Strangers

Scripture: 1 Peter 2:11-24

Study Guide

When God recreates us and brings us into his family, we become strangers in our present world. As we live in a culture and space that is not our own, we experience the pull to over-invest in and over-identify with the things of this world. However, we must remember that we are citizens of God’s eternal kingdom and live our lives differently—acting as lights in a dark world.
Application
  1. Our emotions often act as a check-engine light. What facets of your life can make you fearful or angry when things don’t go well (work, parenting, politics, etc.)? How have you over-invested in or over-identified with those areas?

  2. 1 Peter directs us to submit to authority even when it is corrupt, wrong, or simply inefficient. When have you had to do this? How did it affect you? How can you move towards trusting God with the authority he has placed over you?

  3. God calls us to live credible lives that are above reproach so that we may expand his kingdom. Whom has God placed in your life that you are responsible for? How can you build credibility with them?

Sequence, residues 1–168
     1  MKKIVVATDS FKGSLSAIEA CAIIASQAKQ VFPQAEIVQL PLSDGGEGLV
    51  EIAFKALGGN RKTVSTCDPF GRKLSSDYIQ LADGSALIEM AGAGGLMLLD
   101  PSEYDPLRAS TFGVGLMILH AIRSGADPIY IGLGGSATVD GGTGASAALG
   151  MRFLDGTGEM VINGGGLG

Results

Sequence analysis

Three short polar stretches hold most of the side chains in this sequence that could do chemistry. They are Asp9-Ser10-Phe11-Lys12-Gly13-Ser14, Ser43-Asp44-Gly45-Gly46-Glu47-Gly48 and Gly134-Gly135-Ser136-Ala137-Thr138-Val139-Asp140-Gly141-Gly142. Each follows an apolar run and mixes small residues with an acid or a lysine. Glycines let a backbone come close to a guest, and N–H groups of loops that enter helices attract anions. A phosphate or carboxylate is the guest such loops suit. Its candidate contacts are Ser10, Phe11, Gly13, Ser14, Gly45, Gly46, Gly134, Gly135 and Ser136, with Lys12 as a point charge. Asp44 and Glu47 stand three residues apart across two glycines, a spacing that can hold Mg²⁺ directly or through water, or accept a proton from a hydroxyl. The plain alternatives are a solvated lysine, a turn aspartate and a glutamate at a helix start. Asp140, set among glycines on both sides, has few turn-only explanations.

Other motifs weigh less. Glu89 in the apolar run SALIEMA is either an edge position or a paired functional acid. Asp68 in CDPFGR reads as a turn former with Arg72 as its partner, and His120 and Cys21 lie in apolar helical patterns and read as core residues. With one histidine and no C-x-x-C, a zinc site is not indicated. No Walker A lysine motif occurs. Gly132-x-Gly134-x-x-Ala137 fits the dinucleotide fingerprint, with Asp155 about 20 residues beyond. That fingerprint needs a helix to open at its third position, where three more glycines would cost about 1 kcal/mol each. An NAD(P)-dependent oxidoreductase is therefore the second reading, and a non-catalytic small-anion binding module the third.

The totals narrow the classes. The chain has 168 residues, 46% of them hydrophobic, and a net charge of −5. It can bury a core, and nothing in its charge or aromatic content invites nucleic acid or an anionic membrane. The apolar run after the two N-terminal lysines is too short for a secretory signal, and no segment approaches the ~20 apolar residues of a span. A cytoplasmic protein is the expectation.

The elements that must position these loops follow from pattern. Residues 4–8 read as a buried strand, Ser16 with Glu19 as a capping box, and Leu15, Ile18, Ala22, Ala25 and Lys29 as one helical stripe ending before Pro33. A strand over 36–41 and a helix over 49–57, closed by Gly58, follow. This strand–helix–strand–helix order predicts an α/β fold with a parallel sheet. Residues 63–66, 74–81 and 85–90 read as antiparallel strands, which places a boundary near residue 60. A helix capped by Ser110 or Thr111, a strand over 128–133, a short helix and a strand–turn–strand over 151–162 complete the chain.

4. We live in a culture that equates freedom with personal sovereignty. How has this idea influenced your life? Are you able to submit to the idea that God has authority to both direct and assign purpose to your life? Where do you need to release your own desires for the furtherance of God’s kingdom?

Key Points
  • God makes it clear that we are “temporary residents and foreigners” in this world. However, we very easily forget who we are and where we come from—we over-identify with and over-invest in this world.

  • God calls us to live solid, credible lives that are above reproach. In this way, even when we are accused of wrongdoing, people around us will see how we honor God.

  • While human authority is often corrupt, we must submit to it, believing and trusting that God is sovereign over all things.

  • We are born slaves to sin. However, because of Jesus’ sacrifice, we are made free from the power of sin. This does not give us personal sovereignty—as believers, we are slaves to our benevolent, compassionate Father.

  • There are many good and noble things that God gives us here on earth. But, we must guard our affections and not become overly attached to these things.

  • Just as Jesus suffered for all mankind, we must suffer for those around us. This is how we expand God’s kingdom.

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